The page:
Cantate Chicago presented a program entitled “In View of Eternity” under artistic director Benjamin Rivera Friday night at St. Josaphat Church in Lincoln Park. The concert was devoted to musical meditations from diverse creeds on the concept of everlastingness, and offered a choral showcase of a very high order.
The first half was almost entirely a cappella and opened with two works written in remembrance of those who perished in the Holocaust.
David White’s 1988 Enosh kehchatzir yamav, was written for the Yom Kippur Yizkor (Memorial) Service at Chicago’s Temple Menorah while the composer was its resident organist. From a haunting unison soprano opening, the setting channels Renaissance polyphony, but evolves into a more impassioned style. Cantate’s rendition amply filled Josaphat’s generous acoustic with sophisticated balance and an austere aura of remembrance.
Stephen Paulus’ “Hymn to the Eternal Flame” is from his larger oratorio To Be Certain of the Dawn, which specifically memorializes the children who perished in the Holocaust. As Rivera mentioned in his prefatory remarks, the work might easily come across as merely a pleasant song, but given its context, the impact is leveling. From the texture of the whole chorus a small quorum of sopranos (standing in for one of actual children) emerged, affectingly capturing the supreme innocence of children killed by forces larger than they can comprehend. The ensemble again delivered, its powerfully understated performance ending in the muted humming of voices being silenced.
Edwin R. Fissinger’s Lux aeterna also received a refined reading, baritone Michael Brown robustly intoning the opening Latin lines and soprano Amanda Holm Rosengren providing supple solo turns.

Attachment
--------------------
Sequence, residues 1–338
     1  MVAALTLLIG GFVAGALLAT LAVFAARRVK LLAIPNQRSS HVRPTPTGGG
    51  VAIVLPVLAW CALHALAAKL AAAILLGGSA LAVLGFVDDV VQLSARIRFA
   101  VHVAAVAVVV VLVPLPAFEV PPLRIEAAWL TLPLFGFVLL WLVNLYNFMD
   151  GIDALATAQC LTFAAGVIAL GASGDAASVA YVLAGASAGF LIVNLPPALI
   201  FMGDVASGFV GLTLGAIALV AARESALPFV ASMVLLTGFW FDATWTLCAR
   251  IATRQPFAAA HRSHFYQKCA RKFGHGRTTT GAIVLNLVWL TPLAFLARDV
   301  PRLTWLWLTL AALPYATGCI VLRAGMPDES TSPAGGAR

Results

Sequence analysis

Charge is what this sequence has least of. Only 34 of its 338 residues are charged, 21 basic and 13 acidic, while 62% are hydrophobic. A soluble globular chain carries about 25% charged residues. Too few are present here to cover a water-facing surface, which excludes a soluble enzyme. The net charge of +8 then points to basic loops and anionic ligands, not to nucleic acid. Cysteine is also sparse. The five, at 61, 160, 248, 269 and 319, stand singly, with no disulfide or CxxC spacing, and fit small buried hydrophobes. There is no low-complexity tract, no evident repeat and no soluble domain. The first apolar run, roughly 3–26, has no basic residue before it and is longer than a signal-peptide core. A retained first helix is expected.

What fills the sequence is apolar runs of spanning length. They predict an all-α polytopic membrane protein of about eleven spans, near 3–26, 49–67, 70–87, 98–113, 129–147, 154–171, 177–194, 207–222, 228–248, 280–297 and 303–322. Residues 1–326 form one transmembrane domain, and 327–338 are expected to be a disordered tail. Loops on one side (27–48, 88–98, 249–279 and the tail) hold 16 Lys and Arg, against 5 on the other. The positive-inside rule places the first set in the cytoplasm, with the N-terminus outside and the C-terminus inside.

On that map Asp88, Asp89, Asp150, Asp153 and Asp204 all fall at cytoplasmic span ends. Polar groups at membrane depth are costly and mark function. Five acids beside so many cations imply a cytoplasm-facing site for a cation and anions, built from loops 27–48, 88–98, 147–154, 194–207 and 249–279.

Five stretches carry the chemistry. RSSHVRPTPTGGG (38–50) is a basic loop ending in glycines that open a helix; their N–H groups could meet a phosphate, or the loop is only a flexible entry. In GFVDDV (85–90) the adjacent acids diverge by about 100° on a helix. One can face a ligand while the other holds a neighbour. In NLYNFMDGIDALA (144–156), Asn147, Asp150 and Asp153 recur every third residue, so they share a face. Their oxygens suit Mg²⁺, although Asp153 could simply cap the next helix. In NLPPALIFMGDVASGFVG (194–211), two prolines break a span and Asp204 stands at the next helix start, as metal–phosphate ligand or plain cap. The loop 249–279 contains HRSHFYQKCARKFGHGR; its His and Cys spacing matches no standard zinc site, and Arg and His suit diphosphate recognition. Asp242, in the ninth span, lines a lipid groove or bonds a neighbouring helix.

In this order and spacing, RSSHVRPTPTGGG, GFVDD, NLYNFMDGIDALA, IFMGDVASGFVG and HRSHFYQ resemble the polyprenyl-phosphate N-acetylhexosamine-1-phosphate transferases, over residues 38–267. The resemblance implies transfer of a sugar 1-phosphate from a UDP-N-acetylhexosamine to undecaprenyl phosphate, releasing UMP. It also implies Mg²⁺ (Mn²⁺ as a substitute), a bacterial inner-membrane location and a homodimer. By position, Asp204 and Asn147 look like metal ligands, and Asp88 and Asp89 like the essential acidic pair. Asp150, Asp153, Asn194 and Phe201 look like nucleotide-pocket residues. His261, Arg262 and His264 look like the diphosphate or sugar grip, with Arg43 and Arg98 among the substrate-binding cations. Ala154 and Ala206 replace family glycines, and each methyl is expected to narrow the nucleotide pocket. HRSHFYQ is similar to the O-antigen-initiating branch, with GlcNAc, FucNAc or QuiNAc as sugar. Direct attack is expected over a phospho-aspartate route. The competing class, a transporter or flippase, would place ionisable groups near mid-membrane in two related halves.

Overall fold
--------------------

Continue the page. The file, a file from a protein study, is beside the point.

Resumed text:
Chicago Symphony cellist Daniel Katz joined the singers for a stirring performance of John Tavener’s Svyati. This 1995 setting of a portion of the Russian Orthodox service is frequently used at funerals after those present have kissed the body in an open casket. The work opened with Katz playing rising figures murkily ascending from a low E, the basses of the chorus joining him on that pitch. Between Katz and the bass voices that tone sustains throughout the entire work, creating a profound sense of an unseen yet omnipotent force. The chorus maintained its high level, sounding especially burnished on group entrances on the word “Svyati.” Katz’s rhapsodic playing closed the work with ethereal harmonics that conveyed the sense of ascension from the depths.
Norman Luboff’s arrangement of the spiritual Deep River closed the first half. Cantate sang with idiomatically drawn out vowels in the word “my” (“mah”), and gave an emphatically impassioned invitation to the “Gospel feast.” Mezzo-soprano Denise Knowlton’s solo was especially soulful.
Gabriel Fauré’s Requiem constituted the entire second half, performed in John Rutter’s 1989 reconstruction of the composer’s original scoring for chamber ensemble. The instrumental forces (strings, horns, harp, and organ) maintained a fittingly dark, blended sonority throughout, though the church’s acoustic sometimes muddied their moving lines.
As throughout the evening, Rivera’s leadership approach was judicious, non-intrusive, and never fussy, allowing the well-prepared singers to shine. Among the highlights were the soaring soprano lines that opened both the “Sanctus” and “In Paradisum.” Baritone Dan Richardson sang his solo in the “Libera Me” with pathos and a beseeching quality, and soprano Alexia Kruger Rivera’s limpid “Pie Jesu” was achingly beautiful.
By way of an encore the chorus sang Alice Parker’s jubilantly folksy arrangement of Hark, I Hear the Harps Eternal, closing the evening on an uplifting note after much edifying rumination on infinitude.